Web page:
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How do you know when you’re successful in your work? You can check off a list of technical skills and expertise you bring to the table. You can use a career development rubric to make sure you’re hitting the right goals. But often, it’s your behaviors—the intangibles that are the most difficult to articulate—that make the most impact. Things like your ability to stay optimistic or your willingness to adapt when there’s no roadmap.
Because of the nature of our work at IDEO, these intangibles are a big part of what defines the experience of working at the company. So in 2012, a global team of designers from our U.S., Europe, and Asia offices came together to codify these values and behaviors as part of a larger effort to evolve IDEO’s career development platform. More often than not, when IDEOers hit road bumps in their career, it was not about what they were doing, but how they were doing it.
The team agreed that, in addition to identifying the technical requirements needed to progress through one’s career, it was just as crucial to give IDEOers the tools they need to navigate the complex culture. So they captured the values they believed were foundational to the culture and most strongly shared across the IDEO community, and put them to paper in The Little Book of IDEO. The title is meant to reflect its purpose for readers—a handbook that’s compact, useful, and free of any corporate jargon.
For IDEO-ers, this red cloth-bound guide provides a shared lexicon around both the hard and soft skills we need to succeed. It describes things like why IDEO is so loosely structured, where it comes from, and where it’s headed.
Most importantly, the book identifies the organization’s seven core values. These are by design specific, actionable, and integral to the kind of work we do and the environment in which we do it, going beyond common sense and general ethical practice. The intention: to foster meaningful conversations within the community about life at IDEO, and how to achieve success along the way. With each succinct expression comes a deeper explanation of why it matters, and how it shapes our experience at IDEO.
Over the years, the book has been roundly embraced by the IDEO community as an honest articulation of who we are, as opposed to what we aspire to be, and what we appreciate most about working together. When IDEOers first got their hands on it, a movement took shape to create videos that bring each of the core values to life. To depict the value of "Embracing Ambiguity," for example, New York-based designers built a makeshift cardboard rowboat, and while simulating a storm, navigated their way through uncharted territory with teamwork and optimism. San Francisco produced a Jacques Cousteau inspired look at the lifestyle and behaviors of designers in their natural collaborative habitat.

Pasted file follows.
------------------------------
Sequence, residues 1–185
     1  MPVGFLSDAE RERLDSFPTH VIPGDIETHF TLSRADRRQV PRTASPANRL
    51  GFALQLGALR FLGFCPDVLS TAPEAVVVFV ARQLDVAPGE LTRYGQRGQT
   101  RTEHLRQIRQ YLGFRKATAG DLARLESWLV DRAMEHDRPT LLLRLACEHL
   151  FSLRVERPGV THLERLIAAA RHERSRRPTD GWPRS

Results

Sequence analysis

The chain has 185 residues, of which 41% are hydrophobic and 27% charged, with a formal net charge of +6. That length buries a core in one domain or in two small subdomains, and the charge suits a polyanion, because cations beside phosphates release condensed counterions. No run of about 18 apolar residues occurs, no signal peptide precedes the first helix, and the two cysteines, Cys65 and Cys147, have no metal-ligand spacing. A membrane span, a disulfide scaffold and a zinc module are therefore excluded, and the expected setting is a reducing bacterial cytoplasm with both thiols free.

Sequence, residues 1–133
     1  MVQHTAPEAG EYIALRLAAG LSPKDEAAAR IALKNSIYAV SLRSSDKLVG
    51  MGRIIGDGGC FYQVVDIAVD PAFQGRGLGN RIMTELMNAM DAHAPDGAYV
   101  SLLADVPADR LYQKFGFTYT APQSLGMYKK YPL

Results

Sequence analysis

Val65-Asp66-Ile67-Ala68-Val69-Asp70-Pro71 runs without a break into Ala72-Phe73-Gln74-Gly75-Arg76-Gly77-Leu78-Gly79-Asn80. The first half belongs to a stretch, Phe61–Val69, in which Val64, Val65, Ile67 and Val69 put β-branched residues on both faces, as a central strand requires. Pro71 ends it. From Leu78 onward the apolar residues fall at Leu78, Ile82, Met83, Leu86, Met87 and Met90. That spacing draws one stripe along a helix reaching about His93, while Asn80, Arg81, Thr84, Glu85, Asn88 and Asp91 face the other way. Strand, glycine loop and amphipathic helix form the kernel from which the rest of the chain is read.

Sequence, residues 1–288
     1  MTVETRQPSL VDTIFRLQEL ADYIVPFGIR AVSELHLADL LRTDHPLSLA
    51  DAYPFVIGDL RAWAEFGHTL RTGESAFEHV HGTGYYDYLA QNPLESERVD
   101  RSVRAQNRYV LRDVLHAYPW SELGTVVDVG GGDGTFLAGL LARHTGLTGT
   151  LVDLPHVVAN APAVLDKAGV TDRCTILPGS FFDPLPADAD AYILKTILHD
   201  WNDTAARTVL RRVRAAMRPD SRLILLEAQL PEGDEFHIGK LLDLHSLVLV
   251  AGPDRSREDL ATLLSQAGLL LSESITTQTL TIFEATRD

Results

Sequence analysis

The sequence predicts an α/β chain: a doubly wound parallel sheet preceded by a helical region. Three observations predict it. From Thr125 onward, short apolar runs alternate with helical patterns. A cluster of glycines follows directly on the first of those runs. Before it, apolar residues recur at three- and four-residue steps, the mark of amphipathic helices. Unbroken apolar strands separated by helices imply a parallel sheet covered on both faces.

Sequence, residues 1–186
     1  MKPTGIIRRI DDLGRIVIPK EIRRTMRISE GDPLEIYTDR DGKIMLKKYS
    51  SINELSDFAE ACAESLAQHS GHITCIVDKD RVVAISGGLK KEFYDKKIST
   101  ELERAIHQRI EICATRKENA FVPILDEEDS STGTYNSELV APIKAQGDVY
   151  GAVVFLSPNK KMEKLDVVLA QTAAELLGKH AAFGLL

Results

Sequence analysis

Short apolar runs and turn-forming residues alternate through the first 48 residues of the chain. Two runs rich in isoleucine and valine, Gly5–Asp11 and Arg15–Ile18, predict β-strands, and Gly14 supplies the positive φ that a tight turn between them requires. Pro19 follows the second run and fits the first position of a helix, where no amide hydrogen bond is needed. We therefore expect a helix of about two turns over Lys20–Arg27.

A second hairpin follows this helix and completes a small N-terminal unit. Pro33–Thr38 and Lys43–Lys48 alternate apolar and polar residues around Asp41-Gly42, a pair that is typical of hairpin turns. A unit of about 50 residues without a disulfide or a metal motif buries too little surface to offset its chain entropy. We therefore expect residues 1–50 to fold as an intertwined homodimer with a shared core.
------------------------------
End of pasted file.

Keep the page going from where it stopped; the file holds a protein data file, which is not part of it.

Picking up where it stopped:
Through the process of making the videos, IDEOers came together to reflect on each of the values, talking through what resonated and what didn’t. It gave them a sense of ownership, and a platform through which to share their interpretations.
A Global Conversation
IDEO has a global presence—offices in two countries in Europe, two countries in Asia, and multiple locations across the U.S. As an organization that embraces a human-centered culture, it felt important to learn if the values resonated with the IDEO community in all of these locations, especially in a country like China, whose working culture is so different from the west. We saw the authenticity and resonance of the values as essential for attracting, motivating, and retaining local talent.
So how did The Little Book of IDEO land in Shanghai? Exploring this question would illuminate insights into how our own clients are often challenged to keep their company culture resonant within the global landscape.
A team of IDEOers in our Shanghai office took on the challenge of exploring the meaning behind each of the values. They were surprised with what they discovered—that despite the firm’s Western origins, locals felt largely connected to the values. It even helped to further solidify their identity as a community, even if it may have been in tension with local working culture, because it was rooted in a set of shared beliefs.
In some instances, the Shanghai team built on the existing values in order to refine the meaning for the local context. For example, the core value "Be Optimistic" rings true, but could sound naive when translated directly to Chinese, implying "rose-tinted glasses.” So in the Mandarin edition, an extra phrase was added to convey the measuredness we mean when we talk about optimism at IDEO. The lesson here: The treatment of something as fundamental and nuanced as our values requires authenticity and emotional connection, and therefore more of a transcreation process than straight translation.
As an organization, we are designed to be flexible. This means we’re always changing—even when it comes to how we are structured—so that we can respond to the kinds of challenges that clients come to us for. In the midst of our constant evolution, The Little Book of IDEO is as resonant today as it was when it was published.